Established in Barley, Salaman began work on plant genetics, guided by the biologist/geneticist and chief populariser of the ideas of Gregor Mendel, William Bateson (1861-1926), Master of St John’s College in Cambridge. Salaman worked on the genetics of that important food item, the potato. One of his major discoveries was of varieties of the tuber that were both high yielding crops and also, more importantly, resistant to the potato’s ‘late blight’ disease, which was the cause of the major 1845 Irish potato famine and other famines in Europe during the 1840s. In 1935, in recognition of his important work with potatoes, Salaman was elected a member of the prestigious Royal Society. His book published in 1949 was of interest because it combined archaeology, genetics and every aspect of the history of the potato.
Redcliffe, his first wife, the poet and social activist Nina Ruth Davis (1877-1925), and their family (six children) kept a kosher household in Barley and observed the Sabbath. They used to travel to London to celebrate Jewish high holidays. In 1926, following the death of Nina, he married Gertrude Lowy. Despite the ‘TB’, Redcliffe lived until he was 80.
The other worthy commemorated in front of Barley’s Town House is the 17th century Thomas Willett. The fourth son of Barley’s rector, a Calvinist, Andrew Willett (1562-1621), he sailed across the Atlantic to the British colonies in North America. He was put in charge of a Plymouth Colony’s trading post in Maine. Eventually, he became one of the assistant Governors of the Plymouth Colony and then the Colony’s Chief Military Officer. After New Amsterdam was handed over to the British by the Dutch in 1664, and the city’s name changed to ‘New York’. Willett became the first Mayor of New York in 1665. In 1667, he became the place’s third Mayor. It is amazing to think that someone born in tiny Barley became the Mayor of what was to become one of the world’s major cities.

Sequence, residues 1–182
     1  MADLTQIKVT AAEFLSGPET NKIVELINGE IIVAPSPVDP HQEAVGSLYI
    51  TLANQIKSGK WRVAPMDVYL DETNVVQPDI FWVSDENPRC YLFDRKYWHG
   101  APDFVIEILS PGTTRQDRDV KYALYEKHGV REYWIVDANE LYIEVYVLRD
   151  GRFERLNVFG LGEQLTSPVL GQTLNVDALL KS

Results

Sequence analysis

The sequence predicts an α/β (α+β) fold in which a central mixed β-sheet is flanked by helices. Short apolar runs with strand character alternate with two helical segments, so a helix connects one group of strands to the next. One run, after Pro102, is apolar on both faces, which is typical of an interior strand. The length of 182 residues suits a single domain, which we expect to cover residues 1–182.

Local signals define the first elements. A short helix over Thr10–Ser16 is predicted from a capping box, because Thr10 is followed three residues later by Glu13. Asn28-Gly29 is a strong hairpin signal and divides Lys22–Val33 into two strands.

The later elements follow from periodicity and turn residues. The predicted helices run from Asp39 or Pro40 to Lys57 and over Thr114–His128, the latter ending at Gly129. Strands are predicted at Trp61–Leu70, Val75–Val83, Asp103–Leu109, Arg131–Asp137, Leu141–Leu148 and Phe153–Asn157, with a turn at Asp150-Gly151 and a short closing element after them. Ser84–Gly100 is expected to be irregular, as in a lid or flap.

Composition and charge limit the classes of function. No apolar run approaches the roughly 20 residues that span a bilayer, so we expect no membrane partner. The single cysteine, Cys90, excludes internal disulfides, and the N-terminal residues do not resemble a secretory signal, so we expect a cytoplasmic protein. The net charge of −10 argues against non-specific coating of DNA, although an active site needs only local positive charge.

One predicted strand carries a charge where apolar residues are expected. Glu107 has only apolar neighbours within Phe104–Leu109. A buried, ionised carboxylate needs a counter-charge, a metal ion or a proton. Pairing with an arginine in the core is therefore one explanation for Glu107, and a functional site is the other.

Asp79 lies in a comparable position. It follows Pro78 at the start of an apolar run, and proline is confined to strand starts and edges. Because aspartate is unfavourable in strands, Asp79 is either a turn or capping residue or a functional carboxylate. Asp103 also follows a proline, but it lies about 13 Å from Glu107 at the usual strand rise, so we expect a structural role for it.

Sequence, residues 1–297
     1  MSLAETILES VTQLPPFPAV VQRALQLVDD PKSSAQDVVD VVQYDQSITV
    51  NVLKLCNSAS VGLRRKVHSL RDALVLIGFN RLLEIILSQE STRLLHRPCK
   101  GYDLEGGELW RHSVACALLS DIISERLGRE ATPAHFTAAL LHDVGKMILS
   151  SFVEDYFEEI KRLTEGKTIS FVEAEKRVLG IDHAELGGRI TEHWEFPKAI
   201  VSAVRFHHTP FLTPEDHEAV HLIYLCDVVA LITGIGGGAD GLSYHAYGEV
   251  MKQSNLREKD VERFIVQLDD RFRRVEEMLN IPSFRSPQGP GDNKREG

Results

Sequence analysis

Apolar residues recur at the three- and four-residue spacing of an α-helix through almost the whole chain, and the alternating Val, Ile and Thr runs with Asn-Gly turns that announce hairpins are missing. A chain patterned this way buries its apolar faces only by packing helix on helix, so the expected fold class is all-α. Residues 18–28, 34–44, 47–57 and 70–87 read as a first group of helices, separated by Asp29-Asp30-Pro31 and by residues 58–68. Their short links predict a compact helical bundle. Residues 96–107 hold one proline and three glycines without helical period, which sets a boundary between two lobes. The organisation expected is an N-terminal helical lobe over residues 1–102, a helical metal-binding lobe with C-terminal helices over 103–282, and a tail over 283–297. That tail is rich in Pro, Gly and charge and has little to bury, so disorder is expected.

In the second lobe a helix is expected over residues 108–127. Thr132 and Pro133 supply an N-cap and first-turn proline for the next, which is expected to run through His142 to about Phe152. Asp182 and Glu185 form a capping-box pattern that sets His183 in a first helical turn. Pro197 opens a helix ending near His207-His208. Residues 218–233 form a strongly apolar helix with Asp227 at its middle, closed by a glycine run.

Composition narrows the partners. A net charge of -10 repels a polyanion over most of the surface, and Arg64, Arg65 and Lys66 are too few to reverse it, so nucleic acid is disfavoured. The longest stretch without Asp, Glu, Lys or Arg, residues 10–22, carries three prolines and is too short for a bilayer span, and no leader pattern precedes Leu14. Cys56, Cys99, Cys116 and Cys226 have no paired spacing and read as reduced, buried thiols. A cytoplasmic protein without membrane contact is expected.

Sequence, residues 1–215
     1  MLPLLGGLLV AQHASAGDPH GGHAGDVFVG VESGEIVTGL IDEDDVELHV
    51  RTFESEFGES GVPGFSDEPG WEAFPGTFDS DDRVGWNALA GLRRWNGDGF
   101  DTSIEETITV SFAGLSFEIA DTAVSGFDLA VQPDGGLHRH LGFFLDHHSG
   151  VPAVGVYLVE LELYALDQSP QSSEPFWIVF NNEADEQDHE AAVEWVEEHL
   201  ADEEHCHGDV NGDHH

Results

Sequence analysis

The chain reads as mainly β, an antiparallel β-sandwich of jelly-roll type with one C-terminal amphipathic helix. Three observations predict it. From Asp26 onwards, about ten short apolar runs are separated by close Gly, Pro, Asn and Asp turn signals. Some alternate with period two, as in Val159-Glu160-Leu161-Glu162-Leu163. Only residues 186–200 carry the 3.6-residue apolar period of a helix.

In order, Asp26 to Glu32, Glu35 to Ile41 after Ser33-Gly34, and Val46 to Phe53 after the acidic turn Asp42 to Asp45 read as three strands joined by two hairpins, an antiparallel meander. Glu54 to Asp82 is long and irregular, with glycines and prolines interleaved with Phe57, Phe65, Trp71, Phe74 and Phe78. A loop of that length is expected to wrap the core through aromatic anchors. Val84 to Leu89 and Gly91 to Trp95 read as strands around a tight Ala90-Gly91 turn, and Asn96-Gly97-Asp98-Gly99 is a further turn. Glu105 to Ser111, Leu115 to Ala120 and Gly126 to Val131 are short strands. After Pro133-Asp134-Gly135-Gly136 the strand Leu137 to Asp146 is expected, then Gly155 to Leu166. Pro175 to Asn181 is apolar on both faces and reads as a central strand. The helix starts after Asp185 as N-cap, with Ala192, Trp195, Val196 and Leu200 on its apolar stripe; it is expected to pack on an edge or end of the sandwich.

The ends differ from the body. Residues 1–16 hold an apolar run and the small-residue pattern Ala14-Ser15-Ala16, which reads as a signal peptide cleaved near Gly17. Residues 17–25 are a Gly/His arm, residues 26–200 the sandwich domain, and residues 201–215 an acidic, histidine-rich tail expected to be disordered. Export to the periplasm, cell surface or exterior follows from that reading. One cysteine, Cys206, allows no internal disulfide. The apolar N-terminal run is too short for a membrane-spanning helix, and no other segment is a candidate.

Our short visit to Barley proved to be most interesting. Even if history does not fascinate you, this village has plenty to please the eye. I am most grateful to Michael G for bringing Barley to our attention.
IT WAS HUNGER that drew us to Lighthorne, a tiny rural village just over six miles south-east of the city of Warwick. Our aim was to eat lunch at the highly recommended Antelope Inn before visiting the magnificent Compton Verney House with its gardens that were designed by Lancelot (‘Capability’) Brown in the 18th century.
Lighthorne is an attractive village nestling in a steep sided basin. Some newer buildings have been built on the slopes above what was the heart of the old village. The etymology of the village’s name is uncertain. Close to the Fosse way (a road built by the Romans; it linked Exeter with Lincoln in an almost straight line), it was in existence in 1086 when the Domesday Book was compiled. Throughout the centuries, the village has been ‘in the hands’ of various noblemen and religious institutions. Time constraints did not permit us to visit the village’s Church of St Lawrence, whose construction began in the late 14th century, but we hope to see it on a subsequent visit.
The Antelope Inn is housed in a building whose construction began in the early 18th century. The earliest record of the pub’s existence is a document dated 1838. This was signed by the then publican Joseph Lattimer. I was curious about the pub’s name because I thought that antelopes were not common in Warwickshire. The friendly staff in the inn suggested that there were two possible explanations for the name. One was that some previous owners of the pub had been a South African couple. Far more likely than this is the fact that the antelope is taken from the badge of the Warwickshire Regiment. A useful website, www.lighthornehistory.org.uk, explains the pub’s sign:
“The Antelope is standing on a strip of six pieces. This is said to be the six feet of turf representing the old name of the 6th Regiment of Foot.”
Always on the lookout for Indian connections, I found the following (www.forces-war-records.co.uk/units/316/royal-warwickshire-regiment):
“The Regiment took part in two campaigns in South Africa known as the Kaffir Wars (7th Kaffir War 1846-47 and 8th Kaffir War 1850-53), protecting Dutch and English settlers from the aggressive native tribes north of Cape Town. The Regiment also took part in the suppressing the India Rebellion of 1857.”